The search for equality is more than just filling spaces. The normalisation of employing women in all facets of our operations is essential to the true implementation of these ideals and key to reaching critical mass where these actions start to take on real meaning. Alongside Project Management, Kristine works hard in her role to drive this encouragement and support, something she wish she had early in her career.

In a senior role, Kristine firmly states, “It’s really important to me that women and men, early in their careers, felt supported and mentored, something I never really had. Moreover, one of the main reasons I accepted this role at McCormack is Loz (Lauren McCormack) I admire her enthusiasm and passion but also her heart. She really does go above and beyond in her role and makes me feel like I am part of a family, not just a company. My role here feels like it fits the purpose, not just for its gender.”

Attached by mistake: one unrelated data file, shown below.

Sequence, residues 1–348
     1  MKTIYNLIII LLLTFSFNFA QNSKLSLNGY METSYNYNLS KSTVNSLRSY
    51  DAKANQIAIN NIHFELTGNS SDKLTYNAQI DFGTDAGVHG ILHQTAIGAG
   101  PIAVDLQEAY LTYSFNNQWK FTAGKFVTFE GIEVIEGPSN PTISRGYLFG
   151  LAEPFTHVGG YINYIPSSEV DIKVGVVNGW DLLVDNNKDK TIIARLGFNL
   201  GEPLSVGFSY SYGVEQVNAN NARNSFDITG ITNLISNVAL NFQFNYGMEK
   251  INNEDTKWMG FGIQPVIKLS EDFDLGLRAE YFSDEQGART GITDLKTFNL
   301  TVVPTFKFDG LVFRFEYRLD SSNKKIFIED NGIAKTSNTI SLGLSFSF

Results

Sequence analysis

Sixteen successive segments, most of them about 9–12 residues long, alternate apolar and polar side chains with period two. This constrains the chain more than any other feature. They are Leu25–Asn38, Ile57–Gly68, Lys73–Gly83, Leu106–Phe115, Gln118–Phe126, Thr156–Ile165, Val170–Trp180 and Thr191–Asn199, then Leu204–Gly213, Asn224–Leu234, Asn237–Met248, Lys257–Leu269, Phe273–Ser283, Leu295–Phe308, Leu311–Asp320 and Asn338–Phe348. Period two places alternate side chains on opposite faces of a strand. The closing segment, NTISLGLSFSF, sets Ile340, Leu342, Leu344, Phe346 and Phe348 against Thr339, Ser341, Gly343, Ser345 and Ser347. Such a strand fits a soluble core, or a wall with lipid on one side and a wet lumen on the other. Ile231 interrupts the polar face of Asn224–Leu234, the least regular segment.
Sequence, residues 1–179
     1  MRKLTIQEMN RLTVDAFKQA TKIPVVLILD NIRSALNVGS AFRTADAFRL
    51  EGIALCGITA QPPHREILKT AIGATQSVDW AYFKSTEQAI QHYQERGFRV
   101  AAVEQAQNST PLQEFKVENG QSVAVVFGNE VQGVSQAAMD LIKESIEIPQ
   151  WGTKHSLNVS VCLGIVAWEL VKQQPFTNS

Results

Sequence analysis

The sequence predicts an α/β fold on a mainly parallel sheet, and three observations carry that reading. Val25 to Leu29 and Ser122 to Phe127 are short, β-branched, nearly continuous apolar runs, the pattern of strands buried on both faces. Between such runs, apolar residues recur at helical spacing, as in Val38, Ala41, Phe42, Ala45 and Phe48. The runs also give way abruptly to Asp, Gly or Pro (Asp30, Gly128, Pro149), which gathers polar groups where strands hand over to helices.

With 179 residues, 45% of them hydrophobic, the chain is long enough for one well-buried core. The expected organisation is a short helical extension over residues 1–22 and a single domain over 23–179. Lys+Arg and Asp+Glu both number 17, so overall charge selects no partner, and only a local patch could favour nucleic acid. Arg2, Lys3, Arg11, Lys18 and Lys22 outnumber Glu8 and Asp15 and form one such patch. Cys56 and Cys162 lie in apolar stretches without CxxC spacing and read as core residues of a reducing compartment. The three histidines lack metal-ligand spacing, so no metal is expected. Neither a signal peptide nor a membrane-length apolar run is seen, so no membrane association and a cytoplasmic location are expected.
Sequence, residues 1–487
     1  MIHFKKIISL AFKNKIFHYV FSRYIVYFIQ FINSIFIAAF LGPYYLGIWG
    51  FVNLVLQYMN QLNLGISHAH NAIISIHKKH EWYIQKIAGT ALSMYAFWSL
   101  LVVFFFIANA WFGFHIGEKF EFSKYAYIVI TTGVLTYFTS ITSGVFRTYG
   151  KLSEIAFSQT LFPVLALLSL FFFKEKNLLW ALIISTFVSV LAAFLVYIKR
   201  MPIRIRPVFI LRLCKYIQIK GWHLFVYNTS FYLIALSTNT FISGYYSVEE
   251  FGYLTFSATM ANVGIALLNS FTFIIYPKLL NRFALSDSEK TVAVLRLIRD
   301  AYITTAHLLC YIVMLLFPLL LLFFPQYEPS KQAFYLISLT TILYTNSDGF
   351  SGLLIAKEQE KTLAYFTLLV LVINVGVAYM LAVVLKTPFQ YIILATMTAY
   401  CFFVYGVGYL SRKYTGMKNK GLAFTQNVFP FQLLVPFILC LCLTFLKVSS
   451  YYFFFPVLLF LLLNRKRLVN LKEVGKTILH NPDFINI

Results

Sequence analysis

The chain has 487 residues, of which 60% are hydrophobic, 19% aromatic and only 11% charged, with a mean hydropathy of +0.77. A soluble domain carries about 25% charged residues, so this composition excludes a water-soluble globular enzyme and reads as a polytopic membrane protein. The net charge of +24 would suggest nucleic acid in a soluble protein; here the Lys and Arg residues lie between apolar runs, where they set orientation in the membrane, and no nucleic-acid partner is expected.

“It is when women feel that there are several of them, that they are not sitting alone at the table, that they begin to exercise their power.” Birkvad, I. (2016, October 26). The secret behind Norway’s gender quota success. Kilden

Women at McCormack
Women at McCormack
Women at McCormack
Women at McCormack

Finding a balance – Jenna Sorensen, Administration and Payroll

Jenna has been with McCormack for nearly nine years, beginning in facilities management and then moving to administration and finance. She’s quick to point out the shift she has noticed and share her firsthand experience with us.